The idea that the pandemic has sent a vast new wave of ‘boomerangers’ of young British adults returning to live in the parental home is a myth, according to a study.
A series of media articles in recent months have suggested that the arrival of Covid-19, followed by lockdowns, has persuaded many young people in their twenties to return to the supposed comfort and space of the family home to find themselves. gather.
However, a Resolution Foundation survey suggests that the proportion of 18 to 34 year olds living with their parents is slightly lower than it was before the pandemic.
“At the onset of the crisis, many people expected an army of ‘boomerang millennials’ to return to their ‘boomer’ parents. But in fact, a year after the onset of the crisis, young people are no more likely to live with their parents than before Covid, ”said Maja Gustafsson, economist at the Resolution Foundation.
The study, however, confirmed the results of previous research that the proportion of people living at home for at least part of their 20s and early 30s has increased significantly over the past two decades and now appears to be a feature. permanent staff of the British company.
One of the main reasons the proportion of boomerangers has not increased, Gustafsson said, is that many of these young adults most economically affected by the pandemic had already returned to their parents before Covid struck.
A Resolution Foundation survey found that 23% of young people in their 20s reported living with their parents earlier this month, compared with 25% who reported living with their parents in February 2020 – suggesting there was little change during the pandemic.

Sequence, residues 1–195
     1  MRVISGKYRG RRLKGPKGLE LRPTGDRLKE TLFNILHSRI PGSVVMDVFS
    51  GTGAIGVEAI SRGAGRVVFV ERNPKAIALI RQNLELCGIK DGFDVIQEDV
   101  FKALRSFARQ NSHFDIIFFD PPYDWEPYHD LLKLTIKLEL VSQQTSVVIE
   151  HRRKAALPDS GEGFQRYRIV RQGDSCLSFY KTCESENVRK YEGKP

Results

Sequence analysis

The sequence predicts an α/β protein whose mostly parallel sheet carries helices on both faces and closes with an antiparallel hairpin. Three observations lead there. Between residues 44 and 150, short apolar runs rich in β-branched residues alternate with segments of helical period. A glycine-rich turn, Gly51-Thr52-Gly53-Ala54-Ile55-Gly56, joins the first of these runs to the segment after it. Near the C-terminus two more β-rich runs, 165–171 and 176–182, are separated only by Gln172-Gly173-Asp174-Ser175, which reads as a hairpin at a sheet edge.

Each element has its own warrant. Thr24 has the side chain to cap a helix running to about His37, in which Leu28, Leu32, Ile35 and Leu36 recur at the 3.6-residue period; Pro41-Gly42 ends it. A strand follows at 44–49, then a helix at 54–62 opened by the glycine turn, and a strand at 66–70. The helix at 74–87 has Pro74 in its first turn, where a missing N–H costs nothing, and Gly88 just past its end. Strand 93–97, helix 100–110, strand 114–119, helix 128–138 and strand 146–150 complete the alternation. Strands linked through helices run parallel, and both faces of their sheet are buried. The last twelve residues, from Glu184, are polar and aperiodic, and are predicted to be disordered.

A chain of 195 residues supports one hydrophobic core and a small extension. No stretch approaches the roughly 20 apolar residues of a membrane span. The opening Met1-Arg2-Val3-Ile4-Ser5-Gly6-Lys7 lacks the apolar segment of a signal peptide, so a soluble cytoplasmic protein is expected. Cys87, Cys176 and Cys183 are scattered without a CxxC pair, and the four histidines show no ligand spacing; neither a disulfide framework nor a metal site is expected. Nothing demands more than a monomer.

Those who returned to the parental home were likely not to have a college degree, to have relatively low-paying jobs, and to work in industries hardest hit by the pandemic, such as hospitality. Less than a third said they expected to be still there in six months.
The proportion of boomerangers in the UK is broadly similar to that of European countries like Germany and France, and lower than the EU average, according to the Resolution study. Living with parents in your twenties is more common in southern European countries like Greece and Croatia.
While some young adults have returned to live with their parents to work and save money for a home deposit, the foundation says the ability to do so is limited by a lottery of zip codes – the health of the job market where their parents live.
Tabitha-Levis Jarsdel, 25, a graduate living with her mother near Portsmouth, said her contemporaries’ return with their parents was often guided by the exorbitant cost of housing and the state of the labor market. “People who have lived at home… see this as normal,” she said.
About 3.5 million young single adults live with their parents, a third more in the past 10 years, according to a Loughborough University study released last fall. Higher housing costs and lower wages meant that almost two-thirds of childless single adults aged 20 to 34 in the UK had never left or returned to the family home.
Almost three-quarters of young single adults lived with their parents in their early 20s, according to the Loughborough study. The proportion fell to 54% in their late twenties and then to a third of people in their early thirties.